Millions of patients are admitted to Intensive Care Units (ICUs) each year, many of whom require a machine to help them breathe. Some patients also require the discomfort of a tracheotomy to assist breathing. Some patients are fortunate that speaking valves can be used with the tracheotomy to allow communication, which has many benefits.
Toni Kinneally’s research aims to fully understand the speaking valve’s effect on the use of medication on these patients. Toni recognises a real need to improve the rate at which these patients recover, and reduce the side effects that are related to sedation or heavy medication.
The effect of the speaking valve in critically ill patients has the potential to substantially reduce the amount of drugs administered. In addition, improved communication through these speaking valves dramatically benefits patients and their loved ones.
Medications used in ICU are often disorientating, addictive and can cause secondary complications due to their strength. In 2014 speaking valves were introduced to the ICU at The Prince Charles Hospital, and Toni believes that these speaking valves have helped to reduce the number of strong medications that ICU patients receive – giving these people a better quality of life while waiting to get better.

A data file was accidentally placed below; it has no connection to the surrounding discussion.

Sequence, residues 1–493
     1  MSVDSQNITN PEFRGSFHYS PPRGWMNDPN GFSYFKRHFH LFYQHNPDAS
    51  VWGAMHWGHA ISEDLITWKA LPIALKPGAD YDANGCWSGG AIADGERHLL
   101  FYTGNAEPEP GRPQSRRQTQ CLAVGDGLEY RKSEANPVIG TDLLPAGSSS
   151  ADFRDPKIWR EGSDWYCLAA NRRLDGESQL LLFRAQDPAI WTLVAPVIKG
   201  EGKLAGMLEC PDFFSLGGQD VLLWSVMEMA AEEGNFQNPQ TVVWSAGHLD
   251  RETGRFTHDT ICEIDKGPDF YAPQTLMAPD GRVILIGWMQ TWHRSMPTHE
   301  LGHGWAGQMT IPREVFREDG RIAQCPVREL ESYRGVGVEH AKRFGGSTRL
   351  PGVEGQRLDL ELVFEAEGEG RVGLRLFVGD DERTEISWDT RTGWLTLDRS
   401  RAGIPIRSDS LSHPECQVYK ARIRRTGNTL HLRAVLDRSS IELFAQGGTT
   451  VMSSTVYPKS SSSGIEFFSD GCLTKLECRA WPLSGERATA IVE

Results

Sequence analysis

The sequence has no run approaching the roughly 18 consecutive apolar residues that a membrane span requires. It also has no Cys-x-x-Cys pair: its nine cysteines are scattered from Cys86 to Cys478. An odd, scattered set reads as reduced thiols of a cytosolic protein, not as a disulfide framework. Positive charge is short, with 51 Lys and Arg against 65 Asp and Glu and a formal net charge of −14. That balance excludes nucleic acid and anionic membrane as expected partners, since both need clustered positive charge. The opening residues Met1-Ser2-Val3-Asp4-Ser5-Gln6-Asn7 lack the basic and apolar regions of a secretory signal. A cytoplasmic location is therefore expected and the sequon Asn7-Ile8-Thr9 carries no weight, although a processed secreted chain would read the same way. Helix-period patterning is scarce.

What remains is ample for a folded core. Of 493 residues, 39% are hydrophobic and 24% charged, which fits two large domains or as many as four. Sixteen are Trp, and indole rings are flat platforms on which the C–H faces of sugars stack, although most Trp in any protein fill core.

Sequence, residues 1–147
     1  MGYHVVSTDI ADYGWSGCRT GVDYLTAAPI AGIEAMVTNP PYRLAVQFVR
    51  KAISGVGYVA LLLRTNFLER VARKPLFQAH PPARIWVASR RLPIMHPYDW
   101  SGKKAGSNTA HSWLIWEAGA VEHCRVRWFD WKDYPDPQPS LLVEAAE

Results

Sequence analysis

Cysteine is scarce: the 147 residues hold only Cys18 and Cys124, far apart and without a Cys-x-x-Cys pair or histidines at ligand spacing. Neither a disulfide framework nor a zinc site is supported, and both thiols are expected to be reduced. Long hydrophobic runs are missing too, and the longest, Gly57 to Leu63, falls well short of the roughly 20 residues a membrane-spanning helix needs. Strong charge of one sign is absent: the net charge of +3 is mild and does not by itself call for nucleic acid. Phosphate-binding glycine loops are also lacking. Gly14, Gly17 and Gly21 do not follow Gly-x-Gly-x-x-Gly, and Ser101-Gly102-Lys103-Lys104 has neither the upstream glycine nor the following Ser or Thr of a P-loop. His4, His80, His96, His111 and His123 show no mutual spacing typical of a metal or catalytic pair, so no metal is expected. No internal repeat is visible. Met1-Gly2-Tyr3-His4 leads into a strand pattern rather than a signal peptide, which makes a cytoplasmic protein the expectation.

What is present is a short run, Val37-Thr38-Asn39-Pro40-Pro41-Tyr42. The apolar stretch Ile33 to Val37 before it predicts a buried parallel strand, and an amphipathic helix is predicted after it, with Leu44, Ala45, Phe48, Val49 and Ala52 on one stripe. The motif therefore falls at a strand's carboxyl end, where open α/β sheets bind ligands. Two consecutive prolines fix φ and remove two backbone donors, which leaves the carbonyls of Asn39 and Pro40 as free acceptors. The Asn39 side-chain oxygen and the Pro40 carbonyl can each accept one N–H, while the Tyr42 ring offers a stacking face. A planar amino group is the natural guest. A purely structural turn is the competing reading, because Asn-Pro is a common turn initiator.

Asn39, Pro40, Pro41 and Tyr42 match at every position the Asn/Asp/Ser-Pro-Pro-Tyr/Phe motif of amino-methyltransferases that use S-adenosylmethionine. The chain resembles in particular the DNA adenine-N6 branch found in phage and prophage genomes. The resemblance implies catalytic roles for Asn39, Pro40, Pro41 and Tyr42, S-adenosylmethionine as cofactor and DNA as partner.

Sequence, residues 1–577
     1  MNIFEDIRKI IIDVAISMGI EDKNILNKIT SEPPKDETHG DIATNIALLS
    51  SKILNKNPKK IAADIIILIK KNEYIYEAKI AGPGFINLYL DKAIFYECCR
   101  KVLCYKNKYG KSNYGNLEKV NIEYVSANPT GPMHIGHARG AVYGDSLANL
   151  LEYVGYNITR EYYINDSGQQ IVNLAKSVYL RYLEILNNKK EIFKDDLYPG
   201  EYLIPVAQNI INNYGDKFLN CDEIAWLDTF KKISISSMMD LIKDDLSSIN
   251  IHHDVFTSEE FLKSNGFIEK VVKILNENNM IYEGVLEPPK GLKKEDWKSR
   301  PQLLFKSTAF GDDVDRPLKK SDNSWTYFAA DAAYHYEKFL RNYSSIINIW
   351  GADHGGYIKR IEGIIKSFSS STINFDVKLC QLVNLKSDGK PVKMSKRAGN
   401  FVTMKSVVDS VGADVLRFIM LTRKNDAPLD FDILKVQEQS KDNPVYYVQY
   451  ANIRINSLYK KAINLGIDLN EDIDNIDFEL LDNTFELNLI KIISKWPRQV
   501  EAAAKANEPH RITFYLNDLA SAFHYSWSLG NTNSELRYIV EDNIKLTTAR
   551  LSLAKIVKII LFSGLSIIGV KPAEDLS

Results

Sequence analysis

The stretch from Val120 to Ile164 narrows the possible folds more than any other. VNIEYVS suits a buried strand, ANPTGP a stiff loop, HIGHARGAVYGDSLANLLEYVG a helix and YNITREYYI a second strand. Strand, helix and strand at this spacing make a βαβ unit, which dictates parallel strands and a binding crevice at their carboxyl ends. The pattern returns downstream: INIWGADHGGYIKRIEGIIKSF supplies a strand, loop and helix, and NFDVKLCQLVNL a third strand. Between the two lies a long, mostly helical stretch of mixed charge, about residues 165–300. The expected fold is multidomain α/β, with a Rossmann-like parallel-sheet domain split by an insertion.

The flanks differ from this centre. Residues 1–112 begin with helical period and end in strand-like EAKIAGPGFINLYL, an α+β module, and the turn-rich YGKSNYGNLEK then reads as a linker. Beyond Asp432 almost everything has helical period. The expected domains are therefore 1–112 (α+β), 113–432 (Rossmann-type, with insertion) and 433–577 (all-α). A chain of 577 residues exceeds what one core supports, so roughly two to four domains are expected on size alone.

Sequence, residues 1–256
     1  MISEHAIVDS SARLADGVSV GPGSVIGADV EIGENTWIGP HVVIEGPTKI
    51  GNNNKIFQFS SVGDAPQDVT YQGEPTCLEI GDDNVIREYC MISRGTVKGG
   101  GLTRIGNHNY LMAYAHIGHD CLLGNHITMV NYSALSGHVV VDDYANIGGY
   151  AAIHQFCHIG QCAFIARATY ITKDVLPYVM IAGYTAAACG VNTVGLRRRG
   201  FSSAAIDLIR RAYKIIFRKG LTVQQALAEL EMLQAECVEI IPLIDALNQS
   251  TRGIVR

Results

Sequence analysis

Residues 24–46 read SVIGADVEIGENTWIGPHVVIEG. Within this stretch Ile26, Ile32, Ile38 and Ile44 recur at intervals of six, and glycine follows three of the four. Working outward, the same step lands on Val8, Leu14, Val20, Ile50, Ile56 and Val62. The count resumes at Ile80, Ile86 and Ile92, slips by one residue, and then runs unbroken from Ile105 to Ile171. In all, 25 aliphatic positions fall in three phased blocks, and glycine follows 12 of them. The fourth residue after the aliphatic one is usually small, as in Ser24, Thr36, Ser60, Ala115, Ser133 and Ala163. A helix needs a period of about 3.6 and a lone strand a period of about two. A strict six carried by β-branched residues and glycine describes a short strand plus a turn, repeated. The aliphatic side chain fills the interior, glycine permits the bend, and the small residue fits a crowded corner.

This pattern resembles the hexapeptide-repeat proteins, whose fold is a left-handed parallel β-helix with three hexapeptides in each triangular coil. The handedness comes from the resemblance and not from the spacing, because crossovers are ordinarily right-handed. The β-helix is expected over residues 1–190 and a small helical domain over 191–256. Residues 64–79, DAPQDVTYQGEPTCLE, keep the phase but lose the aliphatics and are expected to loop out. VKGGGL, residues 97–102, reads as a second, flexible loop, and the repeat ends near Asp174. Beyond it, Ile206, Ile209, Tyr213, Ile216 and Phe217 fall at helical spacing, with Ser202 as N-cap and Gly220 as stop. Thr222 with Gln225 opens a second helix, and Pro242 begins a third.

She is analysing data before and after speaking valves were introduced, to try and show that these simple, cheap devices have helped to reduce the number of medications given to patients. If Toni can show the positive influence of speaking valves, she can help to bring this technology to hospitals around Australia and the world.
These research findings could assist patients return to normal activities sooner, participate better in rehabilitation and reduce the prevalence of post-intensive care syndrome – an all too common condition normally characterised by muscle weakness, brain dysfunction or mental health problems.